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Lever Action

Lever Action match is unique to the SSAA. It is an exciting and popular event Australia wide.

There are two distinct matches involved:

Lever Action: which may utilise any calibre rifle provided it is a lever action and has an outside hammer. .22 rimfire may be used in this match.

Classic Calibre: where any cartridge designed prior to 1938 is acceptable, except .22 rimfire. Classic Calibre is a 35 round match and Lever Action is 50 rounds.


Lever Action rifle shooting began in the late 1960’s when SSAA members wishing to shoot black powder competition were having difficulty sourcing the appropriate firearms.

They soon became aware that there was an abundance of lever-action rifles with which black powder could be used. In 1976, the first National Lever Action Championships were staged in Brisbane (nitro powder by this time) with interest sparking in other states.

As the name implies, lever-action rifles are used exclusively for this event. Apart from the historical and traditional intentions, lever-action rifles provide rapid recycling for the timed events. The matches are designed to provide a variety of target types, shooting positions and distances, as well as varying time limits. This discipline is hunting oriented with familiar aspects taken from other SSAA disciplines such as Field Rifle and Metallic Silhouette.

There are two basic categories in the Lever Action discipline: Classic Calibre and Open (centrefire and rimfire).

Classic Calibre

The Classic Calibre Lever Action Rifle is essentially a centrefire rifle as issued by the factory having a two-piece wooden stock, a tube-feed magazine, open hammer and traditional open-type iron sights and chambered for any centrefire cartridge factory produced prior to the end of 1938. Examples of some of the calibres used are .30-30, .38-55, .32-40, .25-20, .218 Bee, .357 Magnum, .32-20 and .44-40. Wildcatt cartridges are not permitted in the Classic Calibre category of competition. Shooting with the traditional open sights is difficult, but a great way to improve one’s shooting skills and to understand the various techniques required to shoot accurately. Targets used in the Classic Calibre competition are all contour targets (animal profiles) with score zones marked on vital areas from 10 to five. Some of the contour targets used are the small bear, buffalo head, pig, rabbit, feral cat, goat, crow, fox head and running fox. The competition is shot over distances of 100m, 50m and 25m using the positional stances of any field position: standing unsupported, sitting unsupported, standing post rest and sitting post rest. Timing for the course of fire can vary from five minutes to 15 seconds for five shots. A typical match would consist of 35 rounds with targets at 100m, 50m and 25m. Two targets that are always part of the competition are the small bear (100m any field position) and the fox head (50m standing unsupported), with five shots in five minutes for each target. The aggregate score for these two targets is the basis for the Classic Calibre Proficiency Medals and grading.



The Open Lever Action Rifle category is divided into two separate events at National level, with these being centrefire and rimfire, where competitors need two lever-action rifles. At state and club level, it is permissible to use either, as only one event is shot and is referred to as the Open event.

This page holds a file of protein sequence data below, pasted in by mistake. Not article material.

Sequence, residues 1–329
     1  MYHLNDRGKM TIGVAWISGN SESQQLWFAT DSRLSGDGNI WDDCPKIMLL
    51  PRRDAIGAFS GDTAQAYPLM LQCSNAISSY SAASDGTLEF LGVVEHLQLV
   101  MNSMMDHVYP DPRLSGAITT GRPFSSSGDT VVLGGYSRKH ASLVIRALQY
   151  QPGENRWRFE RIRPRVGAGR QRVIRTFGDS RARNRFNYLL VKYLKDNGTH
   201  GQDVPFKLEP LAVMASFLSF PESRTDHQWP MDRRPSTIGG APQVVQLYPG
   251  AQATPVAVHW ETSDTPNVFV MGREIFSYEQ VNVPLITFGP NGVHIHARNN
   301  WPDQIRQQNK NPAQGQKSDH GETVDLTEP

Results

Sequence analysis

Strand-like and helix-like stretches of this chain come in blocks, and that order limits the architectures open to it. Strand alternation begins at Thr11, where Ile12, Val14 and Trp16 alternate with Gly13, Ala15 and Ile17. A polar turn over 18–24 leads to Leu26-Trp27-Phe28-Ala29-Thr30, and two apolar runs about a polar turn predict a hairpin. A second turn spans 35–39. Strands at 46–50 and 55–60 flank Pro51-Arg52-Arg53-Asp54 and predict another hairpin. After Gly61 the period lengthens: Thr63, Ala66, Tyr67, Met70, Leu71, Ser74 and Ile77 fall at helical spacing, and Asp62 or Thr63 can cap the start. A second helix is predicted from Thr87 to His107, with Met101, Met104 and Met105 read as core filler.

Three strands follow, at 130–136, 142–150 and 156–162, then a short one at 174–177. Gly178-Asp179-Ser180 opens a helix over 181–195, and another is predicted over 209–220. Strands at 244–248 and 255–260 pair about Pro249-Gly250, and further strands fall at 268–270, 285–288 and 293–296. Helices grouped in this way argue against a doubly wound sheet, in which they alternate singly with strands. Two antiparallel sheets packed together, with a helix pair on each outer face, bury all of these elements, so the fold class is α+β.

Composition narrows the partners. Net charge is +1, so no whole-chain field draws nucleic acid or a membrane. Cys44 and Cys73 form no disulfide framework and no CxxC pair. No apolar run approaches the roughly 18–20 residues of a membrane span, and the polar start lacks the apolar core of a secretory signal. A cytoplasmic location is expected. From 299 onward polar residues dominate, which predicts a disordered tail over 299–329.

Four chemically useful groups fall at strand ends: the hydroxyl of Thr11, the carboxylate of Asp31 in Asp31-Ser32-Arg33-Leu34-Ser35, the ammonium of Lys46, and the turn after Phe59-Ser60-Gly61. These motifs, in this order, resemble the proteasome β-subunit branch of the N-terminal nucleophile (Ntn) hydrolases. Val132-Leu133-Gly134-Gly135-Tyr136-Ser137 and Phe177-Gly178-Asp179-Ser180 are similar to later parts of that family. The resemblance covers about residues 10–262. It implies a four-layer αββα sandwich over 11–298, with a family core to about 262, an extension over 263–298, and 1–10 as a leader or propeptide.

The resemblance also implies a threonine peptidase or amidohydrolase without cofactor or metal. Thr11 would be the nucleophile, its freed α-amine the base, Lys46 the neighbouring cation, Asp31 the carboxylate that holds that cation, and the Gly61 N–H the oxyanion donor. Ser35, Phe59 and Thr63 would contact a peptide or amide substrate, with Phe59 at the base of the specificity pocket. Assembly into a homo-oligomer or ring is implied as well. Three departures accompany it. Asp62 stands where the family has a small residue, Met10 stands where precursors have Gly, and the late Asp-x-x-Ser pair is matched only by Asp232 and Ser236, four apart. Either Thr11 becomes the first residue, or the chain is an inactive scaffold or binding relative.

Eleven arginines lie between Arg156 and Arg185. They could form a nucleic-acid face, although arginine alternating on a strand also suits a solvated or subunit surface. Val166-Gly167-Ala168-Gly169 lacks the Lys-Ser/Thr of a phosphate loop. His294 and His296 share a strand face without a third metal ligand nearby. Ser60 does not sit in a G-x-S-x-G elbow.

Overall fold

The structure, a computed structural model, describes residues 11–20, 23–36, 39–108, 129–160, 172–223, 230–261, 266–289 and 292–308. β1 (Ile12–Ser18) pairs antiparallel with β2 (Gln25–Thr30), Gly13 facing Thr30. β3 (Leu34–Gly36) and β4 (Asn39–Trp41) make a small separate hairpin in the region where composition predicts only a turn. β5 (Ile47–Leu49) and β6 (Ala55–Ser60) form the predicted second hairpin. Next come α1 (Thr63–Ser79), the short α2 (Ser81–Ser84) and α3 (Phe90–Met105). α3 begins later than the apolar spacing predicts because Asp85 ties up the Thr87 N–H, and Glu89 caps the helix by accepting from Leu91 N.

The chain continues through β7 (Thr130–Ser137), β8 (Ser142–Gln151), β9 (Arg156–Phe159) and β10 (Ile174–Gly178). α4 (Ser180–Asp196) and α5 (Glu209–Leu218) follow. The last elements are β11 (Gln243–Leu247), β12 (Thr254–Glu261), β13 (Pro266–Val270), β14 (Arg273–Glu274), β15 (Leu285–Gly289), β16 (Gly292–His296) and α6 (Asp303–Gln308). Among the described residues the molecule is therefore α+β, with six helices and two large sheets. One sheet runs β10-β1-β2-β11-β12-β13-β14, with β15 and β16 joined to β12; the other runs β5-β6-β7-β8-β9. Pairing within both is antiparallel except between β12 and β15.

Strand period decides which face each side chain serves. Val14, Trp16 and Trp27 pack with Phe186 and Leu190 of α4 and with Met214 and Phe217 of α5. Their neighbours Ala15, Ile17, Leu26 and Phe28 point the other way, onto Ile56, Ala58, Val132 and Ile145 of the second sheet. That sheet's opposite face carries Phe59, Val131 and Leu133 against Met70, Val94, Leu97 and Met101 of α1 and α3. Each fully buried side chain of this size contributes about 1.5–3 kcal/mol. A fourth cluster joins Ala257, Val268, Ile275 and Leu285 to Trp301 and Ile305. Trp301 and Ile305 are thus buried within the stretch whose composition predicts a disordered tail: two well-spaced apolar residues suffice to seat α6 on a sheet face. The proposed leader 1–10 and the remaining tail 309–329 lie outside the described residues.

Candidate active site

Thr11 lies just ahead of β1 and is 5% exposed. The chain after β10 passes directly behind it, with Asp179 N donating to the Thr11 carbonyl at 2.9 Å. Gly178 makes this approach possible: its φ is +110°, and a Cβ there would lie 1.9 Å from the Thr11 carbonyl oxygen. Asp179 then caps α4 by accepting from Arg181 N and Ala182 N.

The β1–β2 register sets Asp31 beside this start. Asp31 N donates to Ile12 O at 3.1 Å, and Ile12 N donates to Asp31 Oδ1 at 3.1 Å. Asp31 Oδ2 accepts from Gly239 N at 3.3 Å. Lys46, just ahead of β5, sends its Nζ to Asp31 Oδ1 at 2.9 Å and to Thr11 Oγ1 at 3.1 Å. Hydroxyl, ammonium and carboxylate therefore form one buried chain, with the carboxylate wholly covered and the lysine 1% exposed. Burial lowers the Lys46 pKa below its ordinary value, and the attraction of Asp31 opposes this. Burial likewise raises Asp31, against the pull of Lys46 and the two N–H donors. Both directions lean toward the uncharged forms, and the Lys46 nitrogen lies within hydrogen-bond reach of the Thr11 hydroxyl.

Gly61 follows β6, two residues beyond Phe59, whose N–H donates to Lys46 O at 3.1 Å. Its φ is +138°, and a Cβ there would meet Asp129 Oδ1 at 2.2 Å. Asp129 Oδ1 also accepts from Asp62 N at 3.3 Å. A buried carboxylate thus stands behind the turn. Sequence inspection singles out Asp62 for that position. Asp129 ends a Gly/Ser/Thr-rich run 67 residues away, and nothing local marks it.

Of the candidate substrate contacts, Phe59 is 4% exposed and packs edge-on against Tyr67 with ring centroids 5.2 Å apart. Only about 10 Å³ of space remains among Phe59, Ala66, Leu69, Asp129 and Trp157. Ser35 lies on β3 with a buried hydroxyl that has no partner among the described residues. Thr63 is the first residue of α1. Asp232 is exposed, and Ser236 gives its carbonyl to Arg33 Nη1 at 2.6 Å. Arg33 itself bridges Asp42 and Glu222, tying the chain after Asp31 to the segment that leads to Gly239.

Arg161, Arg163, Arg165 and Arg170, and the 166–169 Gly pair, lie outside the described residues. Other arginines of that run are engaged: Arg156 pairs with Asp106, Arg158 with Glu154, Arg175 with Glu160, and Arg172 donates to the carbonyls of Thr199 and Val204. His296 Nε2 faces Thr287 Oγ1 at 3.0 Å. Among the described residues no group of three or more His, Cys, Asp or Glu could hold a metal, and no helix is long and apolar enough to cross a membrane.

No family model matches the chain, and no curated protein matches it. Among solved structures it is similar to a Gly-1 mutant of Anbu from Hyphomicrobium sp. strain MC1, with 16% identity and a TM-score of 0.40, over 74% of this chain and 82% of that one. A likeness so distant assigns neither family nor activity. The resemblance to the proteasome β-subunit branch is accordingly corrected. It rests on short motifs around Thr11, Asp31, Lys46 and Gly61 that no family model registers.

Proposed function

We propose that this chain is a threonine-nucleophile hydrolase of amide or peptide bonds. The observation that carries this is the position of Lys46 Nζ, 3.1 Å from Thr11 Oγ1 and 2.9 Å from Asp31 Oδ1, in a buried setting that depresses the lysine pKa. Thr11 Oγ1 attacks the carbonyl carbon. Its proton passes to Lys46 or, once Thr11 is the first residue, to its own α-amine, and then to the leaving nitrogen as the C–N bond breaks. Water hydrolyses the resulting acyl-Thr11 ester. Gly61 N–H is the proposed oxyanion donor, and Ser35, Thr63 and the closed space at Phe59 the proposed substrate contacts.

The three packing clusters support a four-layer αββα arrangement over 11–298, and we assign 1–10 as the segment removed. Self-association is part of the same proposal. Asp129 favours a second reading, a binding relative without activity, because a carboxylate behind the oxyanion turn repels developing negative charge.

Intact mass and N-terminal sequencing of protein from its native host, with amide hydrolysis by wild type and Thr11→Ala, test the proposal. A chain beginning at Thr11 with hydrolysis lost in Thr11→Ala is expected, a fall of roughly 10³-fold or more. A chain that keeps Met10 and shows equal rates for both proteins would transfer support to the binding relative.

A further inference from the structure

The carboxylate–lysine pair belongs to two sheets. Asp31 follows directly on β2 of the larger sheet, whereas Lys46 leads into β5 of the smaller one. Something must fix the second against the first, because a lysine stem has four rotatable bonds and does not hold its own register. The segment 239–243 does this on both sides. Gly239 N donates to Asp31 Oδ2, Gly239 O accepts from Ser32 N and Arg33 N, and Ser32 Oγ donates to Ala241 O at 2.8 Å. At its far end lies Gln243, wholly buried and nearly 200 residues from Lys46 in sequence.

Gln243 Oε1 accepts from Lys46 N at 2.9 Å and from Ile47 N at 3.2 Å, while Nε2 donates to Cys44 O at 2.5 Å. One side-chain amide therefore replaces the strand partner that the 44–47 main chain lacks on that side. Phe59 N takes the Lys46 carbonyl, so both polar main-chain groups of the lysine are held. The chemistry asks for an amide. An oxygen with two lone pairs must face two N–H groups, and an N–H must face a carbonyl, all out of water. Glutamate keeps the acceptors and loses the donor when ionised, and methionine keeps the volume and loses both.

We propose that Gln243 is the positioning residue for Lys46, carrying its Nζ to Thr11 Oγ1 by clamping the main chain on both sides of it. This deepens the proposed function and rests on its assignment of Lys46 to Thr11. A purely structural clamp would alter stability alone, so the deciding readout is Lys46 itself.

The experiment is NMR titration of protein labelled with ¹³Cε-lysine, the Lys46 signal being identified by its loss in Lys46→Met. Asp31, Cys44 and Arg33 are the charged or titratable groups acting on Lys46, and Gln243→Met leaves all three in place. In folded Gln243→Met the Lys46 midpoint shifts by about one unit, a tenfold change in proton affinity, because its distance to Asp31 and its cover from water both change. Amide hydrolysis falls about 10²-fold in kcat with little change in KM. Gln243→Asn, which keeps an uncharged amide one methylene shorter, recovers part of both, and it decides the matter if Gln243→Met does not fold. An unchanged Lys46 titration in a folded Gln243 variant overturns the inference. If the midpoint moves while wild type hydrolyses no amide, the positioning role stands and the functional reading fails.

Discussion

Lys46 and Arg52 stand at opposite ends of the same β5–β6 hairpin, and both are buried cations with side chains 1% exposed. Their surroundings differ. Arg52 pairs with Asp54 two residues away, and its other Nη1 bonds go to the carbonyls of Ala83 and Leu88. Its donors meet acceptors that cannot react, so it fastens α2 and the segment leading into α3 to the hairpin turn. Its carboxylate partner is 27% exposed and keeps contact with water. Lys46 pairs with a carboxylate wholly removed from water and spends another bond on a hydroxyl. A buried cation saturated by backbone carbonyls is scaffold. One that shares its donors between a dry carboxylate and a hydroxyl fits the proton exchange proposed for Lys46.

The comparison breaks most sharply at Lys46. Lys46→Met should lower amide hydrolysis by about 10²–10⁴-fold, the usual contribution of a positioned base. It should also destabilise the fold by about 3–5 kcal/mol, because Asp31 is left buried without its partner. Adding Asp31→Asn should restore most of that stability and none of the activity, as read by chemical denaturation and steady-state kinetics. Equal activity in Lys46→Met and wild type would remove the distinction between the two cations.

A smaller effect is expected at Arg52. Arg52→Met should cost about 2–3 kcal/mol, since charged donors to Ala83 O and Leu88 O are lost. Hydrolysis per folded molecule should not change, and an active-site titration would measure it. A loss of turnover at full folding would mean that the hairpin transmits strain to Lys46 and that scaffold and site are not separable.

The description for the National Open event is any lever-action rifle with a wooden stock. Any calibre or handload or wildcat will be accepted. Pointed projectiles will not be permitted in rapid-fire events. Peep, vernier and target sights, with the exception of those using optical inserts and/or rubber eyepieces, will be permitted.

The targets used in the Open category are usually a combination of the 50m ISSF Precision Slow Fire Pistol target and a number of animal profile targets. The competition is generally a 50-shot match. A typical course of fire for an Open event would be the 50m ISSF target (100m any field position), and the 50m ISSF target, scoring seven to 10 only (50m standing unsupported) with five shots in five minutes for each target. The aggregate score for these two targets is the basis for the Classic Calibre Proficiency Medals and grading. The 50m ISSF target is also used for the rapid-fire events with the target for centrefire placed at 50m (five shots in 15 seconds) and the target for rimfire placed at 25m (five shots 10 seconds, scoring seven to 10 only). These three targets are shot twice and the other 20 rounds are made up by other contour targets with five shots at each in any time limit up to a maximum of five minutes per target.

The rimfire category currently permits .22LR, .22 Magnum and .17HMR. The .22LR still reigns supreme on the national scene, probably due to the extensive research and development over the years on target-quality ammunition. For centrefire, basically any calibre can be used for which there is a lever-action rifle available.

The Classic Calibre lever-action rifle can also be used in the Open centrefire event.

Lever Action rules exclude clothing specifically designed for competitive rifle shooting such as shooting coats, trousers, gloves and boots that may provide artificial support to the shooter. The intention of this rule is that all competitors wear normal hunting or field wear. Similarly, other shooting accessories such as rifle attachments, butt hooks, palm rests, spotting scopes, padded kneeling cushions or seats are also prohibited.

Apart from SSAA branch competitions, state and national titles are conducted annually. Each state has a Lever Action discipline chairman or contact and many branches shoot the match on a regular basis.

Lever Action National Discipline Delegate

Jim Ellis

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Rule Book Lever Action Rulebook No 9

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